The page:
Only those who do their research know that diamond prices are negotiable at most stores. Barring Tiffany's and online retailers there is no reason why you can't negotiate a lower price for your diamond than the sticker price. To do this you have to be firm and shrewd. Salespeople work on commission and won't easily give up their share of the deal, but most expect to drop the price for the customers that ask.
Do research on diamond quality. Make sure you know the "Cs" of diamond quality and why they're important. These are the diamond's cut (shape), karat (size), clarity (transparency) and color. Lower quality diamonds will not be as transparent, will not sparkle (do due a cheaper cut), and could be smaller and of a smoky color than higher quality diamonds. Today, diamonds of various colors are popular, from pink and yellow to champagne. Price high quality diamonds on the market to know what you can expect to pay and what stores are charging. Stores mark up diamonds anywhere from 100 to 400 percent.
Know what you want. Know what standards you have for your diamond and what cut you want before you buy. A salesperson will try to sell someone who is unsure of what they want as high priced a diamond as they can. Don't let the salesperson show or even talk about diamonds that don't interest you.
Take initiative with the salesperson. A salesperson loves to sell diamonds at the ticket price because it means a better commission. Ask questions about the diamond's Cs to show the salesperson you are knowledgeable. If your salesperson is not forthcoming with information don't be afraid to ask to speak to a manager. Just leave if you are told by management they don't negotiate prices; you'll find a store that does.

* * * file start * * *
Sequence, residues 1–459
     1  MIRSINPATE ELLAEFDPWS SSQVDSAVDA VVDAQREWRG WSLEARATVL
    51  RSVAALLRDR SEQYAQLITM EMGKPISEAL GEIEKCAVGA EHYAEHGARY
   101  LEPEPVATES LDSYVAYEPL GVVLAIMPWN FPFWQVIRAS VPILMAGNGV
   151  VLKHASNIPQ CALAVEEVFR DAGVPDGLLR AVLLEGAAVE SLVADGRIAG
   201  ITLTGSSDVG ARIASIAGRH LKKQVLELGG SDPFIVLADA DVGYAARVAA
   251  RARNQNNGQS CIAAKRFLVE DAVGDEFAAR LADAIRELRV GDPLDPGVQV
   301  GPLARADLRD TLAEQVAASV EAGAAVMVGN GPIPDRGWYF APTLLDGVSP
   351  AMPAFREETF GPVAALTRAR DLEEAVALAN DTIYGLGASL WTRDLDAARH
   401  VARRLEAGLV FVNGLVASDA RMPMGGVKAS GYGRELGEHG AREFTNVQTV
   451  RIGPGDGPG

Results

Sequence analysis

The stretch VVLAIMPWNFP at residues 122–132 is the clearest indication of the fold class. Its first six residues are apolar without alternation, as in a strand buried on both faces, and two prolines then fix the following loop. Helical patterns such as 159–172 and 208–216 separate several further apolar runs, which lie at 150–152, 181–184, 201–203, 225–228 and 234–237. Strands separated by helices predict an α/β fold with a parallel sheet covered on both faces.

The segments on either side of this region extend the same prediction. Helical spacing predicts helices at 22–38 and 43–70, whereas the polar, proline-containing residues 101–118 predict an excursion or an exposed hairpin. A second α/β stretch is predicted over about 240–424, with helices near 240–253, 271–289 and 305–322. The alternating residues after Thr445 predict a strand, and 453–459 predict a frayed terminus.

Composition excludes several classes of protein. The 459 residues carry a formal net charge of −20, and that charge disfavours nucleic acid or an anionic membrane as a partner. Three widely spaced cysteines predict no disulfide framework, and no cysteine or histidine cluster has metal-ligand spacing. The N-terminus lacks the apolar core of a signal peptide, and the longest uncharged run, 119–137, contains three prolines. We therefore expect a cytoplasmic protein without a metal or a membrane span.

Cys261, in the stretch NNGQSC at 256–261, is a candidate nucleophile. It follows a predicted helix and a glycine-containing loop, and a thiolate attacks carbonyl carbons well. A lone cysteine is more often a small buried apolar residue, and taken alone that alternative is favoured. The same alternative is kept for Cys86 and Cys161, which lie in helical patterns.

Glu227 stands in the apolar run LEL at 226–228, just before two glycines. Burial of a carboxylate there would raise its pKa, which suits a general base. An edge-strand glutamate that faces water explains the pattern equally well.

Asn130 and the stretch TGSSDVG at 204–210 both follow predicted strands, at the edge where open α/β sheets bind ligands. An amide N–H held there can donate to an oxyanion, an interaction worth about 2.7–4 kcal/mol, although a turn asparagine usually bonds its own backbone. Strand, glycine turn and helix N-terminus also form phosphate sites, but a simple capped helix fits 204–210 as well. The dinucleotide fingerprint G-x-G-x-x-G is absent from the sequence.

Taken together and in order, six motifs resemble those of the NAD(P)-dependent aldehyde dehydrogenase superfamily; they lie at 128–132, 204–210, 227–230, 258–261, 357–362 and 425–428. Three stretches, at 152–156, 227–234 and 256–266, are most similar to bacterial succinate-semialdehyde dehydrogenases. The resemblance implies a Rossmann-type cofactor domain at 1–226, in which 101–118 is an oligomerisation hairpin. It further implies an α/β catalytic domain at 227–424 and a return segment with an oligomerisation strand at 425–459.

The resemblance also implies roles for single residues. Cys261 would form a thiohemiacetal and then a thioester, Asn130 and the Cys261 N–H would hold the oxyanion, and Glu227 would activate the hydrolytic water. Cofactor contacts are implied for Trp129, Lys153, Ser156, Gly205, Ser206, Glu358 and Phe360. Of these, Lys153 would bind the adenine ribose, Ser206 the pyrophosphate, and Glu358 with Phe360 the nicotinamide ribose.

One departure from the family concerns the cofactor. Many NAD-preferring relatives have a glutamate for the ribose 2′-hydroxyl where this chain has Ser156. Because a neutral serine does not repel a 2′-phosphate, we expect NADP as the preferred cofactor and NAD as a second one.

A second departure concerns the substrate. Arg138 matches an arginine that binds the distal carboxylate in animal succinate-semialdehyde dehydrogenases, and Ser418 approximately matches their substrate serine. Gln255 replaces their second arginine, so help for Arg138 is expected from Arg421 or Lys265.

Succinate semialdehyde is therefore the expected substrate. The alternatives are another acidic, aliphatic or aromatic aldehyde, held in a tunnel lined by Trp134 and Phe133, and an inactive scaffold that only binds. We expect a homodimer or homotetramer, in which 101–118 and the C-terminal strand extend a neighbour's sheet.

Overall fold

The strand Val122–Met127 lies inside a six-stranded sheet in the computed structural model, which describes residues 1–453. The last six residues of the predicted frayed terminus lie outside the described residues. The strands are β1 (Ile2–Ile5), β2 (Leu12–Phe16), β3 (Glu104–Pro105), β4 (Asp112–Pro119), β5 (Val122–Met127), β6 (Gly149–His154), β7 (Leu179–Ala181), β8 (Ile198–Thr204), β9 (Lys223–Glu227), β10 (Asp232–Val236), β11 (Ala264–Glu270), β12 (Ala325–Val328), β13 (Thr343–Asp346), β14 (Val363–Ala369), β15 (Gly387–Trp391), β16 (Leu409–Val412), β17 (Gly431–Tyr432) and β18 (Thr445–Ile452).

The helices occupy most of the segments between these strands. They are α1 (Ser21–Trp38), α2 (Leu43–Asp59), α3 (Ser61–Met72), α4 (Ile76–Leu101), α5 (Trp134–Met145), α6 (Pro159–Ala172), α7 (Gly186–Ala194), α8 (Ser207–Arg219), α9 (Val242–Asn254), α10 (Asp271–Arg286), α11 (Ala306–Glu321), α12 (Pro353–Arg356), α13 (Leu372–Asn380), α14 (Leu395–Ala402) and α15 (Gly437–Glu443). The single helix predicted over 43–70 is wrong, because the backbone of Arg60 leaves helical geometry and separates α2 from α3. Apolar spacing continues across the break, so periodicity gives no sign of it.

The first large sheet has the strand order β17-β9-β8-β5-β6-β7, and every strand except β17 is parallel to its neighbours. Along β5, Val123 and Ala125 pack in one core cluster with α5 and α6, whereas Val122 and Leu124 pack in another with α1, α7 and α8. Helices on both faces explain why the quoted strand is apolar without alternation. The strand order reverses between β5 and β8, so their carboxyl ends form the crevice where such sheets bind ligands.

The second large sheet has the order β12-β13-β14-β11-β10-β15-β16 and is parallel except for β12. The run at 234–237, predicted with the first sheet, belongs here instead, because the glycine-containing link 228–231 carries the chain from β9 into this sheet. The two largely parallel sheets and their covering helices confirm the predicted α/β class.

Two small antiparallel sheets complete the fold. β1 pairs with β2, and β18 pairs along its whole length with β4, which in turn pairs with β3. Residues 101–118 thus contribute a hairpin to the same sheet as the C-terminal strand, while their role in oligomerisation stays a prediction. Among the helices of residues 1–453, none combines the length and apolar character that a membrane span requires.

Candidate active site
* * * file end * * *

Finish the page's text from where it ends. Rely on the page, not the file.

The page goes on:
Don't be fooled. The salesperson may tell you things like the price he's offering is only good for that day or their sale is ending tomorrow. These are ploys to get you to buy at a certain price. Tell them you saw a similar diamond somewhere else for less and you are thinking of going to them instead. Don't quote a price so low that it seems unrealistic. After your research you'll know the acceptable range. You know you've done well if you can get the cost down 30 or 40 percent from the ticket price.
Ask for freebies. During the course of your negotiation your salesperson will talk about "extras." If he doesn't, ask about the "extras," which often include certification and the ring box. Ask to see if these additions are free.
Don't pay cash for your diamonds. Cash isn't traceable. If you want to return the diamond to your retailer he can claim you never bought from him if you don't have your receipt.
Be careful of lab certificates. Sometimes labs fudge reports for a cut of diamond seller's profits. Instead, ask only to see GIA certified diamonds. The Gemological Institute of America is the most respected and reliable organization for grading diamonds.
- Diamond Search Engine: The four Cs of Diamonds
- Dex Knows: Negotiating Diamond Ring Prices
- Statista.com. "Diamond Industry – Statistics & Facts." Accessed June 29, 2020.
- GIA. "Diamond Color Chart: The Official GIA Color Scale." Accessed June 29, 2020.
- Kimberly Process. "What Is the Kimberly Process?" Accessed June 29, 2020.